“What did you keep for yourself on the Fermicelli job?” she asked.
“A test,” he said with a smile. “I see you don’t trust me. I would be offended, but it’s pretty much a requirement in our line of work.”
His eyes flashed while he spoke. It was pretty distracting. From the sound of his voice, he couldn’t be that much older than her, probably about the same age as Officer Scipio.
“That wasn’t an answer.”
“I kept a single silver spoon,” he said. “It brought down the value of the rest of the set. Made a bit of trouble for the fence.”
Dido debated whether she should quiz him again, just to make sure.
“If you need further proof,” he said. “Take a look at this.”
He pulled an envelope out of a pocket. Dido saw it was the same envelope she’d stolen from Clyde. He must’ve gotten hold of it while they were fighting. She lunged for it, but he spun out of the way and broke the seal.
“Just as I thought,” he said.
“Hey, that’s mine. Give it here.”
“Oh, he’s giving you quite the ultimatum here. If you don’t pull through on this job, he’ll send someone after you.”
Dido brought her heel down on his foot. As he yelped in pain, she plucked the letter out of his hand. With a hop, skip, and a jump, she was up another story, sitting down and reading the letter.
It was a typical note from a ticked off crime boss. She could almost hear growling as she read. Sturgeon was giving her one last chance, and she’d better not waste it. Her target was the Emerald of Lorn, currently on display in the Mechanist College’s Grand Museum. The Mechanists were the ones who built all the fancy gadgets that kept Thage running, from the factories, to the airships, to the traps that had almost got her caught on her last job.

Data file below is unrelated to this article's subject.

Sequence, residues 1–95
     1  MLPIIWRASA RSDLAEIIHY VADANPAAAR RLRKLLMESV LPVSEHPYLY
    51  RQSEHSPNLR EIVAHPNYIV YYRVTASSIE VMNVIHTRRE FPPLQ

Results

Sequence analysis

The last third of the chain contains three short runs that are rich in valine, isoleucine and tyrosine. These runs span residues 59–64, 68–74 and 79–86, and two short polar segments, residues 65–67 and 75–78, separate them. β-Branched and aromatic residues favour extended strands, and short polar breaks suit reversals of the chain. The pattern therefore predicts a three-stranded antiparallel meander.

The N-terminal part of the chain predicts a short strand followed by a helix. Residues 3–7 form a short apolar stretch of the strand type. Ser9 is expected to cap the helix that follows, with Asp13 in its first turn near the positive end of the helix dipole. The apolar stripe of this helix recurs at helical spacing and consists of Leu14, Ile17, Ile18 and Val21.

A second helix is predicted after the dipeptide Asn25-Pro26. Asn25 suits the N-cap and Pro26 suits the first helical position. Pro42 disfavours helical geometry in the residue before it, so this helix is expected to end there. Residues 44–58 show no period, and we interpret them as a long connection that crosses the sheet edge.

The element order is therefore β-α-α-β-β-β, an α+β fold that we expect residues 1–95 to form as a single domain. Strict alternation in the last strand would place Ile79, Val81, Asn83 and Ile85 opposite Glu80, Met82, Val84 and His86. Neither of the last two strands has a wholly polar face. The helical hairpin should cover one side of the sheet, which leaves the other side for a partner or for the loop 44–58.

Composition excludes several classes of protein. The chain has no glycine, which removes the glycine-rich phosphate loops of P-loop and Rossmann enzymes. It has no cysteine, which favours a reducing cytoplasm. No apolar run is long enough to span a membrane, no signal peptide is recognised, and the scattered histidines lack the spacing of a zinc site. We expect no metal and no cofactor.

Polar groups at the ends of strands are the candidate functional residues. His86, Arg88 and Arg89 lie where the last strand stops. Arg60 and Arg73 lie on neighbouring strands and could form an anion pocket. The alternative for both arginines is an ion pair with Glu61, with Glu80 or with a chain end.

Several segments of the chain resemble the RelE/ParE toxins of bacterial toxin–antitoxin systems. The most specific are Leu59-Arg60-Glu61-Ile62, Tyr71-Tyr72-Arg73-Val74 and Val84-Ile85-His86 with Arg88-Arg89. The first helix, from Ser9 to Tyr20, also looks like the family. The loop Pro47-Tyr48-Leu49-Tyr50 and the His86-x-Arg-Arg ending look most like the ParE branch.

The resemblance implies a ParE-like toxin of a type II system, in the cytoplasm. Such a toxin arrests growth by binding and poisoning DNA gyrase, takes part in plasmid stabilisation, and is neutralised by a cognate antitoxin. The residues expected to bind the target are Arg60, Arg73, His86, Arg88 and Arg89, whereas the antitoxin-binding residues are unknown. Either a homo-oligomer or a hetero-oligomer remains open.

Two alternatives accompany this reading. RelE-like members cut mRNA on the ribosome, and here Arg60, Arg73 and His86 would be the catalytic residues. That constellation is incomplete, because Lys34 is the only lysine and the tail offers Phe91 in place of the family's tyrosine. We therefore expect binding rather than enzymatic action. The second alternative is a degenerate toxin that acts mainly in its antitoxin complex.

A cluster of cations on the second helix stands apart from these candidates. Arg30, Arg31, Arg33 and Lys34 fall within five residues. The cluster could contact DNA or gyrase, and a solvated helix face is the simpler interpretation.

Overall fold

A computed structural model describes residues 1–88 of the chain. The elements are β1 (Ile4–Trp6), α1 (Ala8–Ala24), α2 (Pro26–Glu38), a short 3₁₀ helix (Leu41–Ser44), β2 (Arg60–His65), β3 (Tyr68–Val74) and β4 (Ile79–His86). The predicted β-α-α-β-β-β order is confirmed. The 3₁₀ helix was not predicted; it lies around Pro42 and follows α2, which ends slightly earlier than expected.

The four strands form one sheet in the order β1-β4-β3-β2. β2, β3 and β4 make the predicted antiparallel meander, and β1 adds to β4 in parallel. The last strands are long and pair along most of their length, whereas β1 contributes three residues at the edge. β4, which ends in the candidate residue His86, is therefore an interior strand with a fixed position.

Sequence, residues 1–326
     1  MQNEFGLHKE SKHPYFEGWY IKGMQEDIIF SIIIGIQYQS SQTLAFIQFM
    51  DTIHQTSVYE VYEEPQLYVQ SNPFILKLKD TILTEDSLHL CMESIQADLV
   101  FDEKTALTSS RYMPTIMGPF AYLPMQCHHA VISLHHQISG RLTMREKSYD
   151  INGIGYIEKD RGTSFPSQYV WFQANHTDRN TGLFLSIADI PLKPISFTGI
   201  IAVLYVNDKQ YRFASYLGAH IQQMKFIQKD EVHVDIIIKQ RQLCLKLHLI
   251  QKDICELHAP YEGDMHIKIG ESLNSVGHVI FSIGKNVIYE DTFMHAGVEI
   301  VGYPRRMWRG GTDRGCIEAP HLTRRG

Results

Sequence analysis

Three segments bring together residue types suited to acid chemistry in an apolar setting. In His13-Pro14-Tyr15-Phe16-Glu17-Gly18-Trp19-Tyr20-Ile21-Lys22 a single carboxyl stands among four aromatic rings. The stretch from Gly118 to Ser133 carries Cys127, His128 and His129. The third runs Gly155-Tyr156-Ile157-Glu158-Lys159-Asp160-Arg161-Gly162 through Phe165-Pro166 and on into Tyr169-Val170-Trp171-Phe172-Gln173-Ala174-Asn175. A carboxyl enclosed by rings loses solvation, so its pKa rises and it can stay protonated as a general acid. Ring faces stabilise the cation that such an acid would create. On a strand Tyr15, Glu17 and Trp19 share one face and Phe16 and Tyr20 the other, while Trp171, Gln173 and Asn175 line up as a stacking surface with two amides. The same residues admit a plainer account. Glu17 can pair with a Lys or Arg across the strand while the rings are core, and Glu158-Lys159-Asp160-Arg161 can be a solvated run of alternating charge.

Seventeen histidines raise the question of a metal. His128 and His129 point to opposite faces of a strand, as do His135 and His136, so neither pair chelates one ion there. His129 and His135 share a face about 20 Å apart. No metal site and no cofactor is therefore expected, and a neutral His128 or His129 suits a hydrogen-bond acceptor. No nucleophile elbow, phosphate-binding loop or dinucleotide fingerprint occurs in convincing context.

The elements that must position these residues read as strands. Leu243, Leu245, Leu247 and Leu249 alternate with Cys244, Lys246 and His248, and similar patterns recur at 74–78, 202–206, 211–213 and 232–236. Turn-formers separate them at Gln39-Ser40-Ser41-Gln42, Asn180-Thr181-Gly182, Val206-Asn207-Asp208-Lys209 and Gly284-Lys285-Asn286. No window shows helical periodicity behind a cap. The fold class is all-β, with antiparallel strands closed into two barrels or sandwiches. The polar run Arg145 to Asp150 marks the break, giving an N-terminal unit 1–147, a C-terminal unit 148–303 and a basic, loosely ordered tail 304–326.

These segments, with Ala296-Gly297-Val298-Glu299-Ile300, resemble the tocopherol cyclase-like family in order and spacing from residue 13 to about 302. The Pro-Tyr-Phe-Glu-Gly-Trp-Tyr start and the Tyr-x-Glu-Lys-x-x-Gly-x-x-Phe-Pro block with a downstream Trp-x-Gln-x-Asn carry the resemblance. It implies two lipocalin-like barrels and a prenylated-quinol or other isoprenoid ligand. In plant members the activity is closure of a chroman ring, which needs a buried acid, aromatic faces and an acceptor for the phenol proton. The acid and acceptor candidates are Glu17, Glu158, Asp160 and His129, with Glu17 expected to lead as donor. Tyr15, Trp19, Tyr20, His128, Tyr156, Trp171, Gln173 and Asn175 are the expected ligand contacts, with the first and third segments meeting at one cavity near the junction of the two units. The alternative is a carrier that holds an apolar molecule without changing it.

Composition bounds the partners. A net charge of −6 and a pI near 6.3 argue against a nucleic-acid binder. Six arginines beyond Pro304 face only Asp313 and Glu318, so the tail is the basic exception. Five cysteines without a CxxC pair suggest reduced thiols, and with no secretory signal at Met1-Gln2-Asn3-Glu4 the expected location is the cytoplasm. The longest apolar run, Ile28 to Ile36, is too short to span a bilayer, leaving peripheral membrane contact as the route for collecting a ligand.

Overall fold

Dido wasn’t exactly eager to see what kind of traps and alarms they’d use to protect their own valuables. Especially an emerald that was said to be the size of her fist. The Collector climbed up opposite her and slouched back against the roof.
“I’ve got a proposal for you,” he said. “Don’t look at me like that. I think you’ll find the terms agreeable.”
“Fine. What is it?” she asked.
“It’s more of a competition really. We both try to get the emerald and see who can steal it first.”
“That’s a horrible idea,” Dido said. “I need that emerald.”
“And I don’t,” he said. “Probably should’ve led with that. If you win, you can turn the gem over to your friend Mr. Sturgeon. If I win, I’ll give it to you on one condition.”
“If you have dinner with me.”
Dido’s mouth was hanging open behind her scarf. Then she started looking around for something to throw at him.
“No need to get angry,” he said, taking cover behind a chimney. “You just seem like my kind of girl.”
“You don’t know me. You haven’t even seen my face.”
“I’ve seen you at work, and if the rest of you is as pretty as your eyes, well then…”
The night air grew hotter as blood flooded Dido’s cheeks. Thankfully they were hidden by her scarf.
“Since you’re not trying to attack me anymore, does that mean you agree?”
Dido sat back down on her rooftop. Normally, when she prowled the city at night she felt almost like the Ghost that people had taken to calling her. Now her heart pumped and emotions tangled her brain. She was a living girl and not a shadow.
“It’s a deal,” she said.
* * *